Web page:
Two reasons this gets two stars: The translation and the formatting.
I knew I couldn't handle Canterbury Tales in Middle English, so this 19th-century translation seemed like a good bet. I can read 19th-century English very well, thank you, but this isn't 19th-century English. It's more like a stew of ancient and modern, and is difficult to comprehend without constantly looking up terms--terms that aren't in a dictionary. I'm not sure why Purves did this, except to give flavor to the words. I would suggest getting a translation that is completely in more modern English. The stories stand on their own, without (what seems to me) artifice.
But that isn't the worst of this edition. I know enough German that by reading aloud, I can understand the Germanic words. The worst is the way the text is formatted. In their opening notes, the formatters state that they took Purves' notes and put the glosses in the margin, flush right, and the longer notes at the end of each section. Nuh-uh. The glosses are NOT right justified, and are simply run onto the ends of the lines. If the definition is longer than the page is wide, it wraps either under the line or onto the end of the next line. This makes it extremely difficult to know where the poem leaves off and the notes begin.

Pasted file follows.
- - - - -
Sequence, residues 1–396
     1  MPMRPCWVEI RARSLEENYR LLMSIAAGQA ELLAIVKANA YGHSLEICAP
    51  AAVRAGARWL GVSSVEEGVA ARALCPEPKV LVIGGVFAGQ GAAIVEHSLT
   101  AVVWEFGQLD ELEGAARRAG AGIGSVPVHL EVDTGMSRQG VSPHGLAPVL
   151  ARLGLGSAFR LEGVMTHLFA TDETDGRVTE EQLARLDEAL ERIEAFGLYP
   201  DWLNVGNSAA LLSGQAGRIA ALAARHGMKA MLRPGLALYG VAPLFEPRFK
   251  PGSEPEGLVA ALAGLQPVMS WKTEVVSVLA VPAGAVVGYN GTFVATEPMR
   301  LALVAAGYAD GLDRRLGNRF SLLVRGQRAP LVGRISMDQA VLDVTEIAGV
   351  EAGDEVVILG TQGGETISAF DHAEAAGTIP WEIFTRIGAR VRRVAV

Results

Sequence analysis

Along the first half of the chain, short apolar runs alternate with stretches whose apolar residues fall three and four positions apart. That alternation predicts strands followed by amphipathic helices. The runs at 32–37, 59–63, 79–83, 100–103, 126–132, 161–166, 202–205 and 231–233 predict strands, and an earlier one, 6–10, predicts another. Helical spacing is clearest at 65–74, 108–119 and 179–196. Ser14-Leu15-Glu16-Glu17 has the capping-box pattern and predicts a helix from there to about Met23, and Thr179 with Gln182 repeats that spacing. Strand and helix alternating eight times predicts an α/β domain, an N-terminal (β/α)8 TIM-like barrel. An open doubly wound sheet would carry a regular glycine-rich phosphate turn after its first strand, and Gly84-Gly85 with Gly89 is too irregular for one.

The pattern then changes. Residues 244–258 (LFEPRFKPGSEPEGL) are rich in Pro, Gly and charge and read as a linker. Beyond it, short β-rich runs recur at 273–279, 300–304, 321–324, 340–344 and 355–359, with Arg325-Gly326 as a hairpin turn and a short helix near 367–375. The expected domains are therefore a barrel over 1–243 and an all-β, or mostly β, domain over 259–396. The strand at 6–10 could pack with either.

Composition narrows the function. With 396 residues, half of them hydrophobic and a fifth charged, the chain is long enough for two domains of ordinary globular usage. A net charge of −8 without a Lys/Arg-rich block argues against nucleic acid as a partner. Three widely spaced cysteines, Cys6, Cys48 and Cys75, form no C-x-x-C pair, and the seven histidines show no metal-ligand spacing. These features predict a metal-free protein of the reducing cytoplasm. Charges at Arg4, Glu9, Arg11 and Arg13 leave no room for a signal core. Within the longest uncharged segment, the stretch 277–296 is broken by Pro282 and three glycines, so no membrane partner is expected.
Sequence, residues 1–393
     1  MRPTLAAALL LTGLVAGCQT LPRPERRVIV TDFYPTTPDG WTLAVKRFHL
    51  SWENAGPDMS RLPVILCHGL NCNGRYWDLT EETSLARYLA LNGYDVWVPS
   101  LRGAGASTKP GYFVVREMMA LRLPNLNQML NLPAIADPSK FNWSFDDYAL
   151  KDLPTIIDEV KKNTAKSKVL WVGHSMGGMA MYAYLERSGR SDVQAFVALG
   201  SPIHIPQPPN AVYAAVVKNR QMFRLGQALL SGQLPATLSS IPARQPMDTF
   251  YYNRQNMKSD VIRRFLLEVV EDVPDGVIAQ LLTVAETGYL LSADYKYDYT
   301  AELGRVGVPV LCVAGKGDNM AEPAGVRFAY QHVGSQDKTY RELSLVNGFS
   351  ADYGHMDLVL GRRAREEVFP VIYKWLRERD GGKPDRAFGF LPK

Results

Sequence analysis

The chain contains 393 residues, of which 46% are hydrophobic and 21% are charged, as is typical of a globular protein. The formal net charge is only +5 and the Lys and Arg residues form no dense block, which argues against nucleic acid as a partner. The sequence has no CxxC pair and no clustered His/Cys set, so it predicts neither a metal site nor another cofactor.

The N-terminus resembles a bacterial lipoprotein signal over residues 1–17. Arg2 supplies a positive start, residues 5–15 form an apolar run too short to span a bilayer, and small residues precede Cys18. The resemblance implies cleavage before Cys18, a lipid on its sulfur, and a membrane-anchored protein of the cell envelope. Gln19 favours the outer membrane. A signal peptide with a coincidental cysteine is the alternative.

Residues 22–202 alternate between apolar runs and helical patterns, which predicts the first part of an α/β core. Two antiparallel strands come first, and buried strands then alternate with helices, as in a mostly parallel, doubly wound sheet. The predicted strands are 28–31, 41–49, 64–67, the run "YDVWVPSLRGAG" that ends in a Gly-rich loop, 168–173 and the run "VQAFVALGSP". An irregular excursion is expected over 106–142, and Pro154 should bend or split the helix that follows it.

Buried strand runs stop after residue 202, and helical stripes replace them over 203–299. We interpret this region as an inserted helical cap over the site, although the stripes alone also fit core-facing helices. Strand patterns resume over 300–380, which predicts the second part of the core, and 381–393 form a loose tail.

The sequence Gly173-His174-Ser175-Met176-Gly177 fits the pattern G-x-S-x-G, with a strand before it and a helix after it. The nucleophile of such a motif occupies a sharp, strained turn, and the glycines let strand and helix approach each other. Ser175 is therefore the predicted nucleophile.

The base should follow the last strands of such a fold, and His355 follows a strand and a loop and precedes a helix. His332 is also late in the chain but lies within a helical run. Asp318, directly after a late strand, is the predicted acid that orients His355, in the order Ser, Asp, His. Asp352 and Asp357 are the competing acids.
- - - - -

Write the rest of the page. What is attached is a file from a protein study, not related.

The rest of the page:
Having the longer notes at the end of each section would be acceptable IF they were accessible by clicking on the numbers interspersed rather jarringly throughout the text. They aren't, and without an active table of contents, it is impossible to refer to the notes and back to your place again easily. In fact, there isn't even a button to go to the Table of Contents; one has to go to the beginning and page through.
I would so love to be able to move easily between the Prologue, which is Chaucer's summary of each character, and the tale each one tells, and to be able to refer quickly to the notes that explain some of the places and professions.